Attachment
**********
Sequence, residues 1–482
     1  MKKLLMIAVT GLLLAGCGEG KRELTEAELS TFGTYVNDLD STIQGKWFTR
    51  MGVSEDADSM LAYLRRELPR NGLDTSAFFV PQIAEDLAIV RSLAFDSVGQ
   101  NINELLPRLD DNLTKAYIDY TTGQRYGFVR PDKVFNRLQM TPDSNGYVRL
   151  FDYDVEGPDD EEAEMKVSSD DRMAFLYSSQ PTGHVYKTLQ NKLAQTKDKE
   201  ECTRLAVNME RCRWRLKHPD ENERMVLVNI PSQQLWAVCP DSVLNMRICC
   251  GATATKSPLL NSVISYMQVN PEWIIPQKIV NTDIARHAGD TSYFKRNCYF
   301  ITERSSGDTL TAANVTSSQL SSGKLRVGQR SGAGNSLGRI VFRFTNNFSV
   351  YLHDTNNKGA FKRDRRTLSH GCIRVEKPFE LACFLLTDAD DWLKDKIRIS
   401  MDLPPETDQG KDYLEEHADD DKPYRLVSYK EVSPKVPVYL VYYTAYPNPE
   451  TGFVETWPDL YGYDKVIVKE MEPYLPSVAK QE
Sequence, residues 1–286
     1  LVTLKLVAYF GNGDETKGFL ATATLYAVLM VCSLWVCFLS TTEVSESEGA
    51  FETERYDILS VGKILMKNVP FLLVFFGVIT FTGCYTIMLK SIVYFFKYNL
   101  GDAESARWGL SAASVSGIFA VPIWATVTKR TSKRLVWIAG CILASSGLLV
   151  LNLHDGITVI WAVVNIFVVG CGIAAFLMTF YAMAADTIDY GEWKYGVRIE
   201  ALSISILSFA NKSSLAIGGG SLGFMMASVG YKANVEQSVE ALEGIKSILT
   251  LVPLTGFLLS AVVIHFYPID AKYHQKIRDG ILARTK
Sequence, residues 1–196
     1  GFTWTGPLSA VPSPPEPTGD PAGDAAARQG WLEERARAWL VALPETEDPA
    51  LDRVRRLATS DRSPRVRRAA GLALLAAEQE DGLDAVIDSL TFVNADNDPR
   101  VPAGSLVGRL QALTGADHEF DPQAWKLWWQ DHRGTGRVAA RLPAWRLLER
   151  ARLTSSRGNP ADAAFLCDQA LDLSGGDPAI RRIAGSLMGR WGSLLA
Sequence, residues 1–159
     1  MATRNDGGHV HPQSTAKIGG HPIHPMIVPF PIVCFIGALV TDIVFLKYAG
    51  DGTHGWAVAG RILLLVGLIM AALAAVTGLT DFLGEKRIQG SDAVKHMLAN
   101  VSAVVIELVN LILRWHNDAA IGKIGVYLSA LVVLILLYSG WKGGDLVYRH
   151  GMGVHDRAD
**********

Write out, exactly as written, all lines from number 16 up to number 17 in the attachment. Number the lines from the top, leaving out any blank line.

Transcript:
   151  LNLHDGITVI WAVVNIFVVG CGIAAFLMTF YAMAADTIDY GEWKYGVRIE
   201  ALSISILSFA NKSSLAIGGG SLGFMMASVG YKANVEQSVE ALEGIKSILT